CD Emergency Powers (CD 1120299),
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Super Chron Flight Brothers
2. European Safari - (Live From the Caucaus Mountains)
3. To Catch a Thief - (Live From Wall Street, NYC)
5. Rent Control
6. Panama Red
7. Guy Fawkes - (Live From Baidoa, Somalia)
8. First Blood
9. Bob Hope
10. Public Defenders
11. Dirtweed - (Live From the 4th Circuit, Court Of Appeals, Richmond, VA)
12. Million Little Pieces, A - (Live From the Oprah Show)
13. Love & War in October
14. Frontier Province
15. High Grade
16. Soweto Nightclub - (Live from Brixton, United Kingdom)
17. Adamantium - (Live From the Cannibis Cup, Amsterdam)
18. Low Tide / Epilogue: Rain - (Live From the Trocadero, Philadelphia, PA)
Manufacturer Part Number (MPN): GSE-716
W. Bodega; Essex Dogs; Metal Fingers Doom; Dr. Monomrome; Bond; Axis 360; Shame; NASA; Golden child
Additional personnel: Amelia Bedelia, Whizla, Vordul Mega (vocals); DJ Emagine (scratches); Keith Masters, Hi-Coup, Marq Spekt, Trife da God, Cannibal Ox, Hasan Salaam.
There is certainly a reason that the Super Chron Flight Brothers are named as such: their debut full-length, Emergency Powers, is laced heavily with drug references, many of which are not particularly hidden (songs are called "Dirtweed" and "Panama Red," for example). But the duo is much, much more than a couple of stoners stumbling lazily over beats. Instead, Priviledge and Billy Woods prove themselves to be talented rappers, able to write and deliver intricate, intelligent rhymes that reference pop culture, societal and political problems as well as weed. In "A Million Little Pieces," which alludes to the James Frey book and features verses from fellow Reaver Keith Masters, the lines use titles from literature and film ("I'm an unlikely love like Benny and Joon/So you can ask what's eating Gil") to help emphasize the song's theme: creating one's own reality. "To a million little pieces how the story broke down/A lot of fake scenarios for me to kick round/Get down on whichever one sounds the best/...So when I think about it that's how I remember it now," goes the hook, winding its way around over G-Funk-inspired beats by Bond (who produces most of Emergency Powers). The whole album continues as such, approaching often-serious topics with wit and irony. "Little Johnny thanking God a lot for his health and his sanity/He'll need 'em since he lost his left arm in a calamity/Hefty price to pay for tuition assistance/Recruiters went fishing and my man took the bait, hook, line and sinker," Priviledge rhymes in "Love & War in October," while Woods expresses his own opinions on "Rent Control," spitting out the lines, "Gentrification word of the day/Here comes that court order/Move 'em in, move 'em out...," his sarcasm clearly evident. The rappers' styles and voices work well together, and both are inclined to fill their rhymes with extra syllables and textbook vocabulary, like Aesop Rock or El-P, but they never comes across as pretentious or even erudite. Because even though the Super Chron Flight Brothers' hip-hop is more concerned with the message than the hooks, with wordplay than braggadocio, they're still careful to make sure all of these things are included, which makes Emergency Powers fun yet provocative, catchy yet smart, and an overall fantastic accomplishment. ~ Marisa Brown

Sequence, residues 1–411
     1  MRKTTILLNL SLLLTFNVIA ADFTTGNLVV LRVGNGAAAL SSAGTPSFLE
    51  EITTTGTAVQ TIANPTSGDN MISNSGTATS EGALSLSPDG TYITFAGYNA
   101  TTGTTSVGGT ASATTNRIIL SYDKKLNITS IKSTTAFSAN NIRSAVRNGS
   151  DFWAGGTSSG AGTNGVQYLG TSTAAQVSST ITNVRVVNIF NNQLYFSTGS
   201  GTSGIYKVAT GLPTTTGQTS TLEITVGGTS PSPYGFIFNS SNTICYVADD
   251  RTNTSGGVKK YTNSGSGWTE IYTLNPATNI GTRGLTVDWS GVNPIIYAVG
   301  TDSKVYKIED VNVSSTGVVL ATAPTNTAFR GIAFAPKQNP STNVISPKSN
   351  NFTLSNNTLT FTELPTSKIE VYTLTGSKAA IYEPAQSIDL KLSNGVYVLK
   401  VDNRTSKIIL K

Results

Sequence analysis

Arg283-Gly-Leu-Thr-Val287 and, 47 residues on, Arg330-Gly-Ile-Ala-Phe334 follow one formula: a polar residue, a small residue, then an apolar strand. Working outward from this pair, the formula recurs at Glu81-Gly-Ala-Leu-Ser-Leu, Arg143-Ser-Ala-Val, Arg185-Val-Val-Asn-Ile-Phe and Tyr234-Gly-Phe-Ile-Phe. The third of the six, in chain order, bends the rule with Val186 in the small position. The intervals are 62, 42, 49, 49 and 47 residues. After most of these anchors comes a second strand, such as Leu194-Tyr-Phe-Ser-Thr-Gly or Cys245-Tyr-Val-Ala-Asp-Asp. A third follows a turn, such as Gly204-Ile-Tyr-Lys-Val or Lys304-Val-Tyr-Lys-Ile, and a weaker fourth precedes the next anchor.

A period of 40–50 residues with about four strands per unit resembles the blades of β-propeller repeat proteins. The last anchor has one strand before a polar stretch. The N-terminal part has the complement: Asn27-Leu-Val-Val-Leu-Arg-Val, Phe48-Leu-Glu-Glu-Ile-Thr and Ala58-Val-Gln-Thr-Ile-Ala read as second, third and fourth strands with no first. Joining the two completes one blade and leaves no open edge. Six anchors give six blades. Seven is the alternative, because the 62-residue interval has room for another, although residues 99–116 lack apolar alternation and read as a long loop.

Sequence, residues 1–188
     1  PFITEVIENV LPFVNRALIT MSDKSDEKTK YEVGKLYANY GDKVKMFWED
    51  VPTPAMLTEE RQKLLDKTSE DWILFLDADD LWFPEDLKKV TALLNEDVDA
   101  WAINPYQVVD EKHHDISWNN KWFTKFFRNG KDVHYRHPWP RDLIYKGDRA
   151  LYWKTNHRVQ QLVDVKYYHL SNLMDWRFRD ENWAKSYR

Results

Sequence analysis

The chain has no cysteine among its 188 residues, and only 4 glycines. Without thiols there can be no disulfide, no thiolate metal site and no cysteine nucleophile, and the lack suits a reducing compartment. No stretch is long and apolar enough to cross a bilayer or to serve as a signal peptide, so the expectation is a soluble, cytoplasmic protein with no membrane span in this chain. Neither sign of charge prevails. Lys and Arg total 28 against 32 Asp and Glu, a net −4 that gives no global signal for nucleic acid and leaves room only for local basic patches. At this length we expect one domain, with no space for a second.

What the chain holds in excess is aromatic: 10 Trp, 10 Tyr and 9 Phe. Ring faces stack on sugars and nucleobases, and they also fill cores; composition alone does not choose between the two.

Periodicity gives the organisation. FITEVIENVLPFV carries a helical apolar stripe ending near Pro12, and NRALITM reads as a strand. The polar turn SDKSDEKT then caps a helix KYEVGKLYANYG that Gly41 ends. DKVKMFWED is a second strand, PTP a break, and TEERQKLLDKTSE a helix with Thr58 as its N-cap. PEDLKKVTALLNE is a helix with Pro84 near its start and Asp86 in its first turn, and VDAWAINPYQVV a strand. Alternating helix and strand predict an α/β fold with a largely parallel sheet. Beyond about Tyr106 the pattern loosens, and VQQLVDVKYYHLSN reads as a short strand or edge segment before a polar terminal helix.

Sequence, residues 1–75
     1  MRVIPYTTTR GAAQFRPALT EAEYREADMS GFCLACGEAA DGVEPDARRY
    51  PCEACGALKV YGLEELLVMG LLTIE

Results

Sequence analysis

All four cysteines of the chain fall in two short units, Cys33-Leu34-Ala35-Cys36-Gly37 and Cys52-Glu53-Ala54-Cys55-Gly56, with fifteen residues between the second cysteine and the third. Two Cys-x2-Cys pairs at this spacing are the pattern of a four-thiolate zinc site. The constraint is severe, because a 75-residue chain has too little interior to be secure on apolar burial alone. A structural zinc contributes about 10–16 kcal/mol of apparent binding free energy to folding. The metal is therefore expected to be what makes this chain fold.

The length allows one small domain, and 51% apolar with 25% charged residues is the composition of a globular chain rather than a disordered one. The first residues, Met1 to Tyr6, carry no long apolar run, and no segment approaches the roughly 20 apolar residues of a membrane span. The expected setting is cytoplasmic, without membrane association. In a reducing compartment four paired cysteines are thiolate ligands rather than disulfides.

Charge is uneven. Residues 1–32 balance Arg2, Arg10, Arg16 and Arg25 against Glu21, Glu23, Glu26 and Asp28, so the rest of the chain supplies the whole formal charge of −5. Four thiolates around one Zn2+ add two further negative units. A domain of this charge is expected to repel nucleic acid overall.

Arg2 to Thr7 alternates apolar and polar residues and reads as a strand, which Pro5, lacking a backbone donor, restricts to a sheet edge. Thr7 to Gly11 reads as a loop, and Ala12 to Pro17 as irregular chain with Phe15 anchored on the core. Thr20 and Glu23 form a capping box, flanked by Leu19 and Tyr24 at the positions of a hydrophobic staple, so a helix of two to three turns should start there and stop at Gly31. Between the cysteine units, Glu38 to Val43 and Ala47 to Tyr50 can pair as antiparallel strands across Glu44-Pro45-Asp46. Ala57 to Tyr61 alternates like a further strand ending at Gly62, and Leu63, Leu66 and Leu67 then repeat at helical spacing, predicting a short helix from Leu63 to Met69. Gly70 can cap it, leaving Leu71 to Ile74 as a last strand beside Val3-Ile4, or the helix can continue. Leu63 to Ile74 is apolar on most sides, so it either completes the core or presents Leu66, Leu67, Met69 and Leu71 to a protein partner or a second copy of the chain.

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Green Streets Entertainment GSE-716
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